There were various methods of passing the fence. Hollow barrels and windows without glass were stuck between the electrified wires, allowing escapees to pass through unharmed. Some escapees were known to have (tried) pole-vaulting over the wire, while others used wooden ladders or tables set in porcelain cups as insulation, in order to jump over. In the later period of the war, folding windows and insulated wire cutters were also used. It was also possible to obtain forged papers or even to bribe guards, though such methods were not very reliable. Digging a tunnel or ditch under the fence was a safer but more arduous manner of escaping. Sometimes complicated constructions using buckets filled with water and copper wire was used to short-circuit sections of the fence, a method not without danger. Escapees are also known to have simply rammed heavy carts or wagons into the wire.
After the war, the electrified fence was quickly dismantled, either by local Belgian authorities or by private citizens, usually farmers who used the wire and poles to fence off their own fields. Instances also occured in which guard houses and generating sheds were destroyed and burned down by angry and vengeful groups of Belgians. During the final days of the war, just before the Armistice when signs of revolutionary fervor was rife amongst German soldiers, several sections of the wire was stormed and torn down by deserters.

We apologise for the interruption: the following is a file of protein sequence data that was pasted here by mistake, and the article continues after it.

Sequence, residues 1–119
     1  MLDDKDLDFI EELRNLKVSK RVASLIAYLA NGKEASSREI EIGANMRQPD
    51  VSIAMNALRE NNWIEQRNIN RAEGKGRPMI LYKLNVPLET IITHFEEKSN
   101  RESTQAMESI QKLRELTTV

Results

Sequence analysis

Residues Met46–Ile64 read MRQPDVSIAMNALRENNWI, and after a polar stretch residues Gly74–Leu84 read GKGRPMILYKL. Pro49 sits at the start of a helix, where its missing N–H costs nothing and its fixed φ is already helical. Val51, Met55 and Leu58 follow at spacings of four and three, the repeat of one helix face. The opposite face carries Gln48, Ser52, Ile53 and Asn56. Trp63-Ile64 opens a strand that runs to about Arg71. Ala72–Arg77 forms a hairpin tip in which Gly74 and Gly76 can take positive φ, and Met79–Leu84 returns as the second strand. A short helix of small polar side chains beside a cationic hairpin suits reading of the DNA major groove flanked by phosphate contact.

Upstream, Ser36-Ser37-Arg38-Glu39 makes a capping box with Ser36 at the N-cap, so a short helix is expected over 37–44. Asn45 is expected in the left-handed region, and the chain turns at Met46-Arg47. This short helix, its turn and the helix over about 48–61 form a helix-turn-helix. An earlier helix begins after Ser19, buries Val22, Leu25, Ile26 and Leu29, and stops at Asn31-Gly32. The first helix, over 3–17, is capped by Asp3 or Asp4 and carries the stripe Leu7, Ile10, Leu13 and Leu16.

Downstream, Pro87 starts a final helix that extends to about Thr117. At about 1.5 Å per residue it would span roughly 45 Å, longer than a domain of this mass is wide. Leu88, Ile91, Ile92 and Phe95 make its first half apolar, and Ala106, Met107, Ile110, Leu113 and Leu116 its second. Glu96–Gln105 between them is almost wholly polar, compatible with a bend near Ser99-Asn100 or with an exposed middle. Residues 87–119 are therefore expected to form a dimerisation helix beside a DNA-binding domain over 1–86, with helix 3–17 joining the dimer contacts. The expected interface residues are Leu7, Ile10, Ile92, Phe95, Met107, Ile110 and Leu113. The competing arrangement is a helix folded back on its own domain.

Today few, if any remains are left to see. A small exhibit containing a length of wire along with a folding escape window and accounts of escape routes and smugglers, can be seen in 'De Poldermuseum' in Lillo Fort, north of Antwerp. A small monument to victims is located in Sippenaken village. If one knows where to search, with a bit of skill and diligence it is apparently still possible to find remains of glass insulators at various more isolated locations.
Here is a collection of photos, the first four of which were published as postcards, presumably after the war.
- For a more detailed and excellently illustrated study of the 'Wire of Death' see the Dutch language article 'Het Eerste 'Ijzeren Gordijn' ?' by dr. Alex Vanneste, in the following publication : 'Het Tijdschrift van Dexia Bank' issue no. 214 / 2000/4.
- Information on obtaining issues : Dexia Bank / Dienst Publicaties RC 6/3 / Pachecolaan 44 / 1000 Brussels / Belgium / tel : 02/222 45 38 / fax : 02/222 56 74 / e-mail : [email protected]
Postcards of the 'Wire of Death'
from left to right : Dutch Soldier, German guard and Belgian farmers/laborers
Constructing the fence in a flooded area.
A small guard house along a dike.
The fence extended into rivers and streams. This is a view of a guard house on the river Scheldt.
A grim photograph of an electroctued would-be escapee.
a photograph from a French newsmagazine ('Le Pays de France')